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Socioeconomic Dimensions of the Coastal Environment of the East China Sea

  • Qian LongEmail author
  • Jing Zhang
Chapter
  • 831 Downloads
Part of the Estuaries of the World book series (EOTW)

Abstract

The four coastal provinces (Jiangsu, Zhejiang, Fujian, and Taiwan) and autonomous city (Shanghai) adjacent to the East China Sea are among the most developed and the densely populated areas in China. Over the last 30 years, these areas have experienced rapid urbanization and industrialization. With increasing incomes and improved living standards in China, so tourism, traffic, and related industries have also developed rapidly. The rapid urbanization of these provinces along the coast of the East China Sea has adversely impacted the marine environment. Domestic sewage discharge per capita has increased significantly, especially in metropolitan cities such as Shanghai. Illegal reclamation and dumping have also had adverse effects on the marine environment. Increased use of fertilizer to promote higher agricultural crop yields has directly impacted water quality in the East China Sea, leading to widespread eutrophication. Incident such as oil spills has had serious impacts on the marine ecosystem. River inputs represent the largest source of water pollution in the East China Sea, but sewage outfalls, mariculture, engineering activities, agriculture, and nonpoint source pollutants are other key contributors. At the present time, water quality in the East China Sea meets national standards, but it has been deteriorating for the last 10 years. Measures must be implemented to prevent further deterioration in water quality as a result of human activities.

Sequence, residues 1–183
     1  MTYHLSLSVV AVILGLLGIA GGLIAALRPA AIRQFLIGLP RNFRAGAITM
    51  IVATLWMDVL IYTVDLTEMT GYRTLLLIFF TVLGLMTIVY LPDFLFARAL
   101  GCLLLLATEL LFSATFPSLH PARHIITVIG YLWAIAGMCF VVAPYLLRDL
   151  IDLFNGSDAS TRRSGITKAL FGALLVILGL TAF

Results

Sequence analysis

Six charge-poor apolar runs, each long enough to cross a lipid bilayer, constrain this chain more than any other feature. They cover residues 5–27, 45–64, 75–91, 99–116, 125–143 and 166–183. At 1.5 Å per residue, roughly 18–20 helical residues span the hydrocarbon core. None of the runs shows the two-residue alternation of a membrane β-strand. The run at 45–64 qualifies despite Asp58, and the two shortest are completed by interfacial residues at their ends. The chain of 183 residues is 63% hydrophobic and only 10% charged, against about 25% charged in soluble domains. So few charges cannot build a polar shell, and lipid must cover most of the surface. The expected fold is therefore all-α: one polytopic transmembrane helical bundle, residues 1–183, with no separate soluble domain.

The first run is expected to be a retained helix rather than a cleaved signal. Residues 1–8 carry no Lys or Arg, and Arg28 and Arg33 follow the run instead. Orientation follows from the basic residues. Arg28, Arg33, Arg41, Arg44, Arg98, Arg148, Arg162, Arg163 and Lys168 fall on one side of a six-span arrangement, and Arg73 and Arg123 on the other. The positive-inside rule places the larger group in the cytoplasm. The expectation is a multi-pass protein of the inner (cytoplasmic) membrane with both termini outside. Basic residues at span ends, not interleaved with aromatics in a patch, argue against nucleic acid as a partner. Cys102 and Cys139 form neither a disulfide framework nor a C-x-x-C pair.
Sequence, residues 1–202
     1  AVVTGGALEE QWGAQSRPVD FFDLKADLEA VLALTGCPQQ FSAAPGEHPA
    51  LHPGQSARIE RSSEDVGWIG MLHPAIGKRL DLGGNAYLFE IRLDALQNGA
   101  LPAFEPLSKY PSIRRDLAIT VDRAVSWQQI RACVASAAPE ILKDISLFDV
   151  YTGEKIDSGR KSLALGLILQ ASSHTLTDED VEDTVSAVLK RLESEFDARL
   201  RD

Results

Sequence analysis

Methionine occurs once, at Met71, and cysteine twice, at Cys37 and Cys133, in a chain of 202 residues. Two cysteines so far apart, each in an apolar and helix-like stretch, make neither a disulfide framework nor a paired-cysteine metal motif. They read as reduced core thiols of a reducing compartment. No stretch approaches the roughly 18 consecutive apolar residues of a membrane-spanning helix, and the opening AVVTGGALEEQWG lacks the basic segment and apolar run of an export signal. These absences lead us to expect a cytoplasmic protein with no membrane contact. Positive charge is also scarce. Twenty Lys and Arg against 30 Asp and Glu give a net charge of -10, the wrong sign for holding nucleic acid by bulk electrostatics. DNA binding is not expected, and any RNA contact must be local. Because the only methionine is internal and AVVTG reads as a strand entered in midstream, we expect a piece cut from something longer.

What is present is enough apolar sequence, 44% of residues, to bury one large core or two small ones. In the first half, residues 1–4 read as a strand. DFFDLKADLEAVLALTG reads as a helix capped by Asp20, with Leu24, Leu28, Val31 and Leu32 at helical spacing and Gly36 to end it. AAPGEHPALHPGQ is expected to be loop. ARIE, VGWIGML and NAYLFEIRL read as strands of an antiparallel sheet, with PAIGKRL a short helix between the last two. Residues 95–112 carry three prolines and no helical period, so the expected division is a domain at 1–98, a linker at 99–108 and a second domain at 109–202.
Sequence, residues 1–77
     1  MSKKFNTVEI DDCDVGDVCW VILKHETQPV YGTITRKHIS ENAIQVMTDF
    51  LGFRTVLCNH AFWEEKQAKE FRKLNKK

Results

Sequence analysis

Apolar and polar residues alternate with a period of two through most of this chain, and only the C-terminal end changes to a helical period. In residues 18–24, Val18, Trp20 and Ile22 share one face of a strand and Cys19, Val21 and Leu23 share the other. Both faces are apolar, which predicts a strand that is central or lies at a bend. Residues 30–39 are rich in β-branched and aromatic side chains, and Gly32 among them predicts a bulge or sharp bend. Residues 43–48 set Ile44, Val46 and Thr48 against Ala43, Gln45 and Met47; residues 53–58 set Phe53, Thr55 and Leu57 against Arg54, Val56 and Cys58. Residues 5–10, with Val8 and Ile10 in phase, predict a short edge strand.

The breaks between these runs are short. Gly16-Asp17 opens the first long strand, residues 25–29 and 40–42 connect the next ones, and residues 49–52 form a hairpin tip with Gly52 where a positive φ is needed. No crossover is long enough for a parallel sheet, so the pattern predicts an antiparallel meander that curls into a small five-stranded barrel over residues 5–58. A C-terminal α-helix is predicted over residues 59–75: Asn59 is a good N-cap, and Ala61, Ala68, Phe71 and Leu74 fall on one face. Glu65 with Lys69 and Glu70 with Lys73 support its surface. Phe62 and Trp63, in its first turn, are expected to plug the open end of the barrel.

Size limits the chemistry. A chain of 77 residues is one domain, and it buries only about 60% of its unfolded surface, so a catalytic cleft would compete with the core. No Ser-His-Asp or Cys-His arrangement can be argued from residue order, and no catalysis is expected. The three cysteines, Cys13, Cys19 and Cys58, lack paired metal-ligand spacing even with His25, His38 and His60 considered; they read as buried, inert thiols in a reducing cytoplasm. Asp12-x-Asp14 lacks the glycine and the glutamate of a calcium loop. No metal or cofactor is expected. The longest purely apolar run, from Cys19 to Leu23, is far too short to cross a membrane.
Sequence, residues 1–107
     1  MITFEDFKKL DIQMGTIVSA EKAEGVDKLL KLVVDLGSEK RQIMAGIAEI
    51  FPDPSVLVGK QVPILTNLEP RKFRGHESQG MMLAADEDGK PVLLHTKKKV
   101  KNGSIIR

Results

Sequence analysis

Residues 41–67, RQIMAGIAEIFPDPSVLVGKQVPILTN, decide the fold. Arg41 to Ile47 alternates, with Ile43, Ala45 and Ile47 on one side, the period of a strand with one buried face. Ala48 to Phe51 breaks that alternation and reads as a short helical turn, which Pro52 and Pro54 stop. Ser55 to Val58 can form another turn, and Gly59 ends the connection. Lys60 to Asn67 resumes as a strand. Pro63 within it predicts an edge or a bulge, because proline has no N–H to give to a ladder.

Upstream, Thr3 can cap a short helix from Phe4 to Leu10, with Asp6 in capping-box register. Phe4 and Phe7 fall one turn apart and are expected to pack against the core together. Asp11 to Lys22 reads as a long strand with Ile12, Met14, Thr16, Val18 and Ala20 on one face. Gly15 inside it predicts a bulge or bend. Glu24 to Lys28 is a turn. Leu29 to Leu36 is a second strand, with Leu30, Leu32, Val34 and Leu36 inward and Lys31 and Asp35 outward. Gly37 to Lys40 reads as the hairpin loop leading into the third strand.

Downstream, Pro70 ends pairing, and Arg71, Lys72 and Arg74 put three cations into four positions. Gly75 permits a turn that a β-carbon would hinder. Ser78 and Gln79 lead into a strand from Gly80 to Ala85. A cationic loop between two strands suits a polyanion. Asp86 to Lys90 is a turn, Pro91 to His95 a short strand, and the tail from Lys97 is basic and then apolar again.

Keywords

Socioeconomic East China Sea Urbanization Marine environment Pollution 

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Copyright information

© Springer International Publishing Switzerland 2015

Authors and Affiliations

  1. 1.Central LibraryEast China Normal UniversityShanghaiChina
  2. 2.State Key Laboratory of Estuarine and Coastal ResearchEast China Normal UniversityShanghaiChina

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